Hypergrowth is not just a vague concept. It is a clearly defined mode of business growth. In fact, in order to be recognized as a company achieving hypergrowth by the World Economic Forum, a business must produce more than a 40% compound annual growth rate.
But while management can easily understand these necessary benchmarks, hitting the benchmarks is only possible if they can effectively run a company that is undergoing hypergrowth.
The following breaks down many of the misconceptions around managing hypergrowth, so that leadership can separate their expectations from reality.
The idea behind this expectation is that because businesses create a comprehensive plan for hypergrowth, they can plan their workforce out too. Leadership possibly has strong connections to the professionals that they want to bring on board. They may also create an employee persona for HR to use in their recruiting and interviews.
The core team’s close network might bring in a few key people while HR identifies several strong candidates. However, the workforce expansion needed for hypergrowth requires businesses to create a hiring model again and again and again.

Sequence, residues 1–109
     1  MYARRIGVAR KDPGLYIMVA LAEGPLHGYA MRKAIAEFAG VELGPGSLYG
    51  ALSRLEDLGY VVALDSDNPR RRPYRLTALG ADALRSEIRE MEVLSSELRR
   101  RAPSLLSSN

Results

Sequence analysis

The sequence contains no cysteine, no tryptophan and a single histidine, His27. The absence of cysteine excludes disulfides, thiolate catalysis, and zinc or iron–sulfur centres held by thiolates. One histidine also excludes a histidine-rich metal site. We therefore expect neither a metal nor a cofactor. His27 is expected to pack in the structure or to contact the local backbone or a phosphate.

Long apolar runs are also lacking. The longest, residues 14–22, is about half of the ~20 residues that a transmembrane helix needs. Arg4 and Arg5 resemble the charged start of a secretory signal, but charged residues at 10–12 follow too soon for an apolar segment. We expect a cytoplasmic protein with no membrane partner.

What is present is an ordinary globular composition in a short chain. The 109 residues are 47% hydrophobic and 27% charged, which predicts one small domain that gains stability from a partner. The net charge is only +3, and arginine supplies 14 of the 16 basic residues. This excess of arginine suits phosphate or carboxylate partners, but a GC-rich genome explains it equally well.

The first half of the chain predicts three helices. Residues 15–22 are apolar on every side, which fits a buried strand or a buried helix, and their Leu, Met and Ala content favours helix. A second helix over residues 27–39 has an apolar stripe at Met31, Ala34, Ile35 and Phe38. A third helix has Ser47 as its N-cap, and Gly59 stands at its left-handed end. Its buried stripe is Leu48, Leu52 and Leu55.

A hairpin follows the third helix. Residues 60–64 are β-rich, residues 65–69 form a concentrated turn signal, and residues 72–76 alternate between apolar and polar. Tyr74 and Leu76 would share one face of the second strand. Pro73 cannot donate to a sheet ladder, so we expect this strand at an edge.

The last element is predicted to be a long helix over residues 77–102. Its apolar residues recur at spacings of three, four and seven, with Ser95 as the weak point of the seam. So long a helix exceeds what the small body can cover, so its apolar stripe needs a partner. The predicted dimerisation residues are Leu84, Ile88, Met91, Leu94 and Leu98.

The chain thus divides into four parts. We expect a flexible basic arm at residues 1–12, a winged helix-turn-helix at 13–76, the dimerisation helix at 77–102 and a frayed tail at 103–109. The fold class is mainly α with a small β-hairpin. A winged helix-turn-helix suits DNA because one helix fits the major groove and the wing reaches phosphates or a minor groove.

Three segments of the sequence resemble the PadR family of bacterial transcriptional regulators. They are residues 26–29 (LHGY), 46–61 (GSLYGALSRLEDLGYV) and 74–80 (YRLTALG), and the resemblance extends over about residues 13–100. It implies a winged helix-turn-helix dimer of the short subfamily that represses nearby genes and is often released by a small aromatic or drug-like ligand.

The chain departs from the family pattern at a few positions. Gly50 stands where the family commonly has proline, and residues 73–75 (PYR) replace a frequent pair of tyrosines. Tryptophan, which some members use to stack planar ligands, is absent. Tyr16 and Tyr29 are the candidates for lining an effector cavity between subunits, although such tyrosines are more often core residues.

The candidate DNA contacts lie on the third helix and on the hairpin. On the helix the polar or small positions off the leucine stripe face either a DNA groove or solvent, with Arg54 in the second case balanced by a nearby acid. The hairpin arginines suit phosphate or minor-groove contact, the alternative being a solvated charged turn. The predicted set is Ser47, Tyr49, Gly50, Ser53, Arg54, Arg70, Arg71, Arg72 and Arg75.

They will need to shift their hiring priorities as their business needs shift. Companies must become good at identifying what qualities they require from new employees.
For example, at first, a company may want individuals who have a deep specialization in niche areas. Then, several months later it might be necessary to bring on professionals who are highly experienced in cross-departmental coordination.
There are also several key qualities that companies heading into hypergrowth should prioritize individuals who:
Many leaders think that the best way to manage hypergrowth is to stay ahead of it. They insist on hiring just for hiring’s sake. The company has likely just had an injection of cash from investors or a highly successful year of sales. Now, leaders want to spend it in a way that should ignite further hypergrowth — they start hiring.